The University of Texas at Austin
  • How Texas Independence Day came to UT

    By Jim Nicar
    Jim Nicar
    Published: March 6, 2008

    Editor’s Note: Texas Exes chapters from Austin to Alaska, New Braunfels to New York and all points between gathered to celebrate Texas Independence Day on March 2. The following is an excerpt from an article about the history of the celebrations, written by Jim Nicar, the history and traditions coordinator for the Texas Exes.

    For the proudest of Texans, it’s the most important day of the year. It’s a holiday no other state can claim. March 2 is Texas Independence Day, and its observance on the University of Texas at Austin campus began with a missed class, a visit to Scholz’ Beer Garden and a cannon.

    In the spring of 1896, the fledgling university was confined to a 40-acre campus, with a whitewashed wooden fence around the perimeter to keep out the town cows. The university’s 482 students were divided into two departments: Academic and Law.

    Law students needed only two years to complete a Bachelor of Laws and Letters. Junior Laws were first-year law students while Senior Laws were completing their final year.

    On March 2, 1896 the Junior Laws were waiting for their next lecture in criminal law when one student bemoaned the fact that the day was Texas Independence Day, a legal holiday for Texans, except for university students.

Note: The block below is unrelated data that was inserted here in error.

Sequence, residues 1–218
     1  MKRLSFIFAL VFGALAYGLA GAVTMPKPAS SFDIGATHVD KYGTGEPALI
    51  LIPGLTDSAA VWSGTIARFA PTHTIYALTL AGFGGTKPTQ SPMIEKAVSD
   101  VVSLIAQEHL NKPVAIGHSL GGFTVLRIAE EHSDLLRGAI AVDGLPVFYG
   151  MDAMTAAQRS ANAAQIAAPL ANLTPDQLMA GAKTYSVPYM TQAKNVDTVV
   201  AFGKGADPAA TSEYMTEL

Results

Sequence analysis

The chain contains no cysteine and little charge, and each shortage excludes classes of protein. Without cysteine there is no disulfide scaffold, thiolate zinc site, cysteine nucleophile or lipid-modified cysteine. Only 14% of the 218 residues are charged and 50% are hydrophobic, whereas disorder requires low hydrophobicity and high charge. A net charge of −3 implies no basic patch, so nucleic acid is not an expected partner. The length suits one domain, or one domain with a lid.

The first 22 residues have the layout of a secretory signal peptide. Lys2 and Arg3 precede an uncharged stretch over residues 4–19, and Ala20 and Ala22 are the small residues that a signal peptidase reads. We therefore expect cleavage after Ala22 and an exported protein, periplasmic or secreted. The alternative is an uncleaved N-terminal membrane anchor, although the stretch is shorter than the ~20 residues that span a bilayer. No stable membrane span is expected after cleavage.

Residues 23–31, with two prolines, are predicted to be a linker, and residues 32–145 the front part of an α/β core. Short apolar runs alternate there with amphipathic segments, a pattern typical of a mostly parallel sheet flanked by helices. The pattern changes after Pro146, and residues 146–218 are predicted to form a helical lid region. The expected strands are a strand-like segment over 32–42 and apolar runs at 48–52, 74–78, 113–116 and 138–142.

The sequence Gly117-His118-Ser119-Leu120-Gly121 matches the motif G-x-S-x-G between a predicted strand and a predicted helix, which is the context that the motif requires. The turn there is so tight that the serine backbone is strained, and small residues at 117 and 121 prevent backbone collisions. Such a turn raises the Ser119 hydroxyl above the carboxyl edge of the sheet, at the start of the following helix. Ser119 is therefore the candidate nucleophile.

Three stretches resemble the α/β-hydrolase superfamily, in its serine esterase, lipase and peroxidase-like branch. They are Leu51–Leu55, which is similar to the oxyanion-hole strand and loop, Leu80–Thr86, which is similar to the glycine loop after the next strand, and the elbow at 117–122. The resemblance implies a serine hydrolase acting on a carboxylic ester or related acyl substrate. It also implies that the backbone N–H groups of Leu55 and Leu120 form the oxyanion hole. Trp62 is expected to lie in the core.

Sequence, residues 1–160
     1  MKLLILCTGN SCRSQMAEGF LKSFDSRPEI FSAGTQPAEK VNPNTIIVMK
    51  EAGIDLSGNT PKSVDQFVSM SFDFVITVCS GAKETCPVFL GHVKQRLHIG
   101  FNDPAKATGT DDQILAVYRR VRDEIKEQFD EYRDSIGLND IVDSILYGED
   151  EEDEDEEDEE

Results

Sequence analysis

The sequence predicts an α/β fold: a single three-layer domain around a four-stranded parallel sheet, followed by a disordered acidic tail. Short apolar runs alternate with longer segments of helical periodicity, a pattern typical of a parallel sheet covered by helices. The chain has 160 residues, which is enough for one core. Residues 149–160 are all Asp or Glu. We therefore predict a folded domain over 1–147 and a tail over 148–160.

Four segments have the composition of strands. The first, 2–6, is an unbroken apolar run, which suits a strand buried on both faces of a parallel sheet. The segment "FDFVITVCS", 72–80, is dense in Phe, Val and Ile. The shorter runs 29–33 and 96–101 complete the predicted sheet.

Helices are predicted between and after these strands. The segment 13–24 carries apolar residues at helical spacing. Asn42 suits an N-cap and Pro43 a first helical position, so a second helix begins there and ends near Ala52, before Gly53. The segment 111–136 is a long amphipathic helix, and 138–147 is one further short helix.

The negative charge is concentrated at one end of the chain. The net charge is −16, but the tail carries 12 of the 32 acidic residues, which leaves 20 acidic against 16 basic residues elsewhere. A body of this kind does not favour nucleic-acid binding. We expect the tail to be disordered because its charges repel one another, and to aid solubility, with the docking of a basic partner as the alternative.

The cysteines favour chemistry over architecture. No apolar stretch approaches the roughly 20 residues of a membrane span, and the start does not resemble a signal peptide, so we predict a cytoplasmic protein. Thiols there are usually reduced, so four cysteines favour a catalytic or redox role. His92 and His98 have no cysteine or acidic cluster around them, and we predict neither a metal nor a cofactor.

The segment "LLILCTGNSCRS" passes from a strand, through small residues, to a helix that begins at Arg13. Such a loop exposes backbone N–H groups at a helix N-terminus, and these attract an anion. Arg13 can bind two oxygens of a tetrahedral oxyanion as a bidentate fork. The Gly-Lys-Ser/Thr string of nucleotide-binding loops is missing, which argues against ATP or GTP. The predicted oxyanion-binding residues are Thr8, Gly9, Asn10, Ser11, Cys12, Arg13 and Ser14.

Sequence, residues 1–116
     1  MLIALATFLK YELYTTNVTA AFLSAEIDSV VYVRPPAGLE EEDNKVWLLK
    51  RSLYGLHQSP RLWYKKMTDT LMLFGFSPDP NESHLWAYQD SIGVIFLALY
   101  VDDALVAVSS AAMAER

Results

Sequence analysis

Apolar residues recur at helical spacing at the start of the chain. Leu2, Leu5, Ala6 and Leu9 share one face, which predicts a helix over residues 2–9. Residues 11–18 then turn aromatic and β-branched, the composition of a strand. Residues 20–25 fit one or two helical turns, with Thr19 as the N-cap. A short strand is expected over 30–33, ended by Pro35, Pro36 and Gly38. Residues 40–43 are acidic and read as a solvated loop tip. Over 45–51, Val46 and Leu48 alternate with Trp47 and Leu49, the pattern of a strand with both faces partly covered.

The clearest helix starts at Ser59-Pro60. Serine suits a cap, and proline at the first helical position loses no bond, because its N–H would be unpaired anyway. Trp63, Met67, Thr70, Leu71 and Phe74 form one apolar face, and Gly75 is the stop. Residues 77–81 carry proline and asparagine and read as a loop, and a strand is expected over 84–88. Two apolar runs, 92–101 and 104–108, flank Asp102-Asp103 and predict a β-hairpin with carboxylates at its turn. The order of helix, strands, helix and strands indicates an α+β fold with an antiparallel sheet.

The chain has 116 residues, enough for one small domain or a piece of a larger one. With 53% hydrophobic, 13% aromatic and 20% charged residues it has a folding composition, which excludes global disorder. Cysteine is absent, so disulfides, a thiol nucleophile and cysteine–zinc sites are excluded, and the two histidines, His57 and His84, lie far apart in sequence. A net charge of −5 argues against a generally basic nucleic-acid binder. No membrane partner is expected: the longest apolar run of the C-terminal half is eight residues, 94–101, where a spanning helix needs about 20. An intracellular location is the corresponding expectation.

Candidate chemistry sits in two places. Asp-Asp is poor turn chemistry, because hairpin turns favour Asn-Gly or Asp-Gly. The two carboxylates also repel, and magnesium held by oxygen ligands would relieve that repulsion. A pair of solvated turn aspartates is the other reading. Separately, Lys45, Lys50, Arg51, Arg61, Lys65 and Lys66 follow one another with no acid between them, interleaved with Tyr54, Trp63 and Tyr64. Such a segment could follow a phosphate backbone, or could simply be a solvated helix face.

The Junior Laws decided they would honor such an auspicious day by avoiding class altogether, and invited their instructor, Judge Robert Batts, to join them. Batts responded, espousing all of the dire things that might happen to those who skipped lectures. The students promptly ignored Batts’ pleas, choosing instead to spend the day at Scholz’ Beer Garden.

    One year later, the now senior law class was determined to include the entire campus community in a celebration of Texas Independence and again petitioned the faculty for a holiday. But the Board of Regents had recently appointed George T. Winston as the new university president. A native of North Carolina, Winston neither understood nor shared the affinity Texans had for March 2.

    Undaunted, the students pressed ahead with their plans. Four students borrowed one of the two brass cannons that stood guard in front of the State Capitol. It took most of the afternoon of March 1 to roll the cannon to the Forty Acres, where the students planned to use it for a 21-gun salute to Texas.

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